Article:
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posted by Dopefish on Friday February 28 2014, @03:00PM   Printer-friendly
from the probably-better-than-notepad dept.

Anonymous Coward writes "GitHub's Atom, a new text editor blending C++ and web technologies, is now being released as a limited beta. The new editor, which claims to have partial TextMate support, is extensible with the help of a centralized add-on manger (the same way Eclipse does) and is heavily integrated with the github platform. The final licence is not known at the moment, but the project already makes use of over 80 open source software packages.

Access to the beta is currently "invite only"."

 
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  • (Score: 0) by Anonymous Coward on Friday February 28 2014, @04:01PM

    by Anonymous Coward on Friday February 28 2014, @04:01PM (#8562)

    Even though it is 2014, we don't have any good text editor. By good I mean opensource, slim, fast, extensible, powerful and with good plugins for various programming languages. Emacs is bloated, Sublime is not really opensource, Vim is old and vimscript is slow (there is a project [github.com] to improve it though. Any new text editor which is going to be "good" is greatly appreciated, looking forward to see more news about it.

  • (Score: 5, Insightful) by bart9h on Friday February 28 2014, @04:15PM

    by bart9h (767) on Friday February 28 2014, @04:15PM (#8567)

    "Vim is old"? Then what? Editing text is old. What kind of argument is that?

    Vim is way beyond a good editor. I won't even consider a different editor that don't offer the same features that makes it so great. (No, I won't bother to list them here.)

    But I'm looking forward to neovim too, even pledged to the project.

    • (Score: 1, Informative) by Anonymous Coward on Friday February 28 2014, @05:26PM

      by Anonymous Coward on Friday February 28 2014, @05:26PM (#8620)

      I was talking about Vim's source code. It is old, complex c98. It is difficult to add features to it and maintain.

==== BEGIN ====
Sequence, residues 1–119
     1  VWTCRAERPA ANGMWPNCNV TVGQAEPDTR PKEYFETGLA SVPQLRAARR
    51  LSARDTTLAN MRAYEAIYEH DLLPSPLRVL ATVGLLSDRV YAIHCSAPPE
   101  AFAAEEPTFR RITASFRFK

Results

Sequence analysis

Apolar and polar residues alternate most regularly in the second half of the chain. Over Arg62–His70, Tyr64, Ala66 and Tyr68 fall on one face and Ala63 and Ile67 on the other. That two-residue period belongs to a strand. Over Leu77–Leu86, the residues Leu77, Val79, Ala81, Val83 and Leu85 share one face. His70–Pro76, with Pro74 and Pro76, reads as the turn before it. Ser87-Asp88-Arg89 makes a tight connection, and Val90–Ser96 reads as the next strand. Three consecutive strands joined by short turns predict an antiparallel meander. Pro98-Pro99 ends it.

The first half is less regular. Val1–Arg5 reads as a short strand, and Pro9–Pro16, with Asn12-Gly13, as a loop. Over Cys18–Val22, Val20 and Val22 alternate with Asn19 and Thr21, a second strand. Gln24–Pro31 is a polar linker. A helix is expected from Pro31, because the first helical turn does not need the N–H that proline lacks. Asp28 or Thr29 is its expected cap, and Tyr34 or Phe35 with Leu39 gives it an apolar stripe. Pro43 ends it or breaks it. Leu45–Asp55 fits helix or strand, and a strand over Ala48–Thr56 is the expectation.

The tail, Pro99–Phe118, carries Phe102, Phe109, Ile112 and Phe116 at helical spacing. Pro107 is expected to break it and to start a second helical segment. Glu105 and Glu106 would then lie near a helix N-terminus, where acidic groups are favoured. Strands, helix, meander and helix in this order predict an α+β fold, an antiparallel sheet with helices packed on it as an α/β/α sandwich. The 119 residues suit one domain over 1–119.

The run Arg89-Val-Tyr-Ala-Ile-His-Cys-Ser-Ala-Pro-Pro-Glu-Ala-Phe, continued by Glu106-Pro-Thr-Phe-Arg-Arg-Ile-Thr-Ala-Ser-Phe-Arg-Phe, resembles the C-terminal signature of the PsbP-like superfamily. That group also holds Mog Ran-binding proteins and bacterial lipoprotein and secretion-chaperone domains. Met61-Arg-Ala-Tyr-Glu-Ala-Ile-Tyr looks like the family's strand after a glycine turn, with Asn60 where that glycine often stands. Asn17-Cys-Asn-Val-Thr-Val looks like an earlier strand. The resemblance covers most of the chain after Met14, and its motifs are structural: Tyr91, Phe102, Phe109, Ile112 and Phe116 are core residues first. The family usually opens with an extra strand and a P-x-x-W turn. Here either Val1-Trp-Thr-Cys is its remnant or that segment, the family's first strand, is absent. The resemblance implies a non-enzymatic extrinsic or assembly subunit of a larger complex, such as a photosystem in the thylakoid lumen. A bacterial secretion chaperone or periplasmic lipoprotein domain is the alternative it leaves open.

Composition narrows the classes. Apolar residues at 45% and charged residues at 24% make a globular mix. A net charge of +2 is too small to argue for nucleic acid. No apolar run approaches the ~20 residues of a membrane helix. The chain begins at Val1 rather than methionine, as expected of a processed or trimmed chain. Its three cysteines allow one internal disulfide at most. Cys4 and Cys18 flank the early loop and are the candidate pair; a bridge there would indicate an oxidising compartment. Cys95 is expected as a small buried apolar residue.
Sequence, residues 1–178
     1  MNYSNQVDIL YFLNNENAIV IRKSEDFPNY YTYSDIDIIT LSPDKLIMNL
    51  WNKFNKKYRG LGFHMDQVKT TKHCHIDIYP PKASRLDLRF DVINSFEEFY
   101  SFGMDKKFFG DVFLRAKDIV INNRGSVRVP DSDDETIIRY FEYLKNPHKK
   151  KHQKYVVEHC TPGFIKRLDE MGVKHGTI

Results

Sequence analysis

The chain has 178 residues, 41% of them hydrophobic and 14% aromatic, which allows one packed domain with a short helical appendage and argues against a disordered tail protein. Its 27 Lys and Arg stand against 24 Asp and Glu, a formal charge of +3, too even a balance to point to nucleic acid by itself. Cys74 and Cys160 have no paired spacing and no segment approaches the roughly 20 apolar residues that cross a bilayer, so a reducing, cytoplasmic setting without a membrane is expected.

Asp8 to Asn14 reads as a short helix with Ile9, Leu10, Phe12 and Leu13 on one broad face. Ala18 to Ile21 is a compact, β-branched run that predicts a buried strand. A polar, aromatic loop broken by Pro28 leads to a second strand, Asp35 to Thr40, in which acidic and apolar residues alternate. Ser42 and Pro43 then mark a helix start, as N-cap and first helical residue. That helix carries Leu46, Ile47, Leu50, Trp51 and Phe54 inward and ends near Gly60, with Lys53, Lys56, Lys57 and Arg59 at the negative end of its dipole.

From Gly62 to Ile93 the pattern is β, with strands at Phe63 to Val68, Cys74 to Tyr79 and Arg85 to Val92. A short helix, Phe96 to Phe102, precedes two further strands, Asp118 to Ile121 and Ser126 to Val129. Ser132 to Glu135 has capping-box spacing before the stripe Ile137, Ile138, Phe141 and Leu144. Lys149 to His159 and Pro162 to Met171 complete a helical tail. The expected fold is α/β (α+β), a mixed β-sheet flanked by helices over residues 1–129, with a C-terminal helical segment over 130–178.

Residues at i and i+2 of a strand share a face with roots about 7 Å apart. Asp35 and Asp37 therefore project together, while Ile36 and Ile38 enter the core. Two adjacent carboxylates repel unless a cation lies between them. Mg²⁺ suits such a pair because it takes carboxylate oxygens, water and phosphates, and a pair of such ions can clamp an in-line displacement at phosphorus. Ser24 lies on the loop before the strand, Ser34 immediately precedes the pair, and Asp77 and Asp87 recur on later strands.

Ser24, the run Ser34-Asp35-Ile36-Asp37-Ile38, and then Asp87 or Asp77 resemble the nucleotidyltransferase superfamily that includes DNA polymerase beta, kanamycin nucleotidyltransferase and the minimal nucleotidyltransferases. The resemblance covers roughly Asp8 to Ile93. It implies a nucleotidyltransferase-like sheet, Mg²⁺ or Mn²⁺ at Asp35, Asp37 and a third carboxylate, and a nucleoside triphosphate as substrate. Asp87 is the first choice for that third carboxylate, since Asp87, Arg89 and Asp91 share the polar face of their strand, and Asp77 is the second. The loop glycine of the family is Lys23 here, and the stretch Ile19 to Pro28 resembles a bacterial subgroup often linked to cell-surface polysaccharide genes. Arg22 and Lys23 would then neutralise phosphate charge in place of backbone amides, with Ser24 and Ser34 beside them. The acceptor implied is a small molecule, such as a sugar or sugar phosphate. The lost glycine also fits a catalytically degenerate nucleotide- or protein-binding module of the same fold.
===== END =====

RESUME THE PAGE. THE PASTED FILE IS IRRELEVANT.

• (Score: 0) by Anonymous Coward on Friday February 28 2014, @06:14PM

        by Anonymous Coward on Friday February 28 2014, @06:14PM (#8657)

        > I was talking about Vim's source code. It is old, complex c98.

        C98? What is that? "More-than-C90-but-not-quite-C99"?

    • (Score: 1) by CoolHand on Friday February 28 2014, @06:44PM

      by CoolHand (438) on Friday February 28 2014, @06:44PM (#8677) Journal

      Wow, I hadn't heard of Neovim... that's awesome... I think I'll pledge when the next payday comes around... :)

      I've been wanting a kde version of vim for a long time... it sounds like it will be easy for someone to make that happen after this :)

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  • (Score: 3, Interesting) by ztoth on Friday February 28 2014, @05:03PM

    by ztoth (821) on Friday February 28 2014, @05:03PM (#8601)

    Hmm, a happy emacs user here, I think emacs (and I hear vim, too), comes very close to these requirements. It has a steep learning curve for sure, but it's only as bloated as you want it to be. I just checked that a "pure", unconfigured emacs starts up and comes to a usable state in a fraction of a second on my 4 year old machine, and it already comes with many goodies preloaded, including support for many programming languages. My fully-loaded emacs takes about 5 seconds when I start it for the first time (i.e. after a fresh boot), and 2.5 seconds after that. Once it's up and running, it's fast. I'd say it's not so bad, and actually if you use the client-server model, even the startup is lightning fast: you start an instance once in the background, which loads every plugin and extension you want, then the rest of your instances will simply connect to it and start up in zero time.

    With extensions like hideshow, smart-tab, yasnippet, and integrated cscope interface, version-control support, integrated man pages, compilation, GDB and shell, it becomes an extremely powerful editor and IDE. On top of that, org-mode is great for note taking, and I even use emacs to connect to irc.soylentnews.org. There are countless other things people use emacs for (e.g. email, browsing, playing games, instant messaging...)

    • (Score: 1, Informative) by Anonymous Coward on Friday February 28 2014, @05:33PM

      by Anonymous Coward on Friday February 28 2014, @05:33PM (#8624)

      Csope/ctags are very old and outdated tools. These tools can't handle c++, not mentioning c++11. There is clang-complete for vim (horribly slow) or youcompleteme (requires rebuilding vim) but these tools lack refactoring and other features.

  • (Score: 1) by tibman on Friday February 28 2014, @08:22PM

    by tibman (134) Subscriber Badge on Friday February 28 2014, @08:22PM (#8743)

    Kate works pretty well. Not sure how many dependencies you'd need to install for just the text editor though. I'd hate to think you needed full blown KDE just for Kate.

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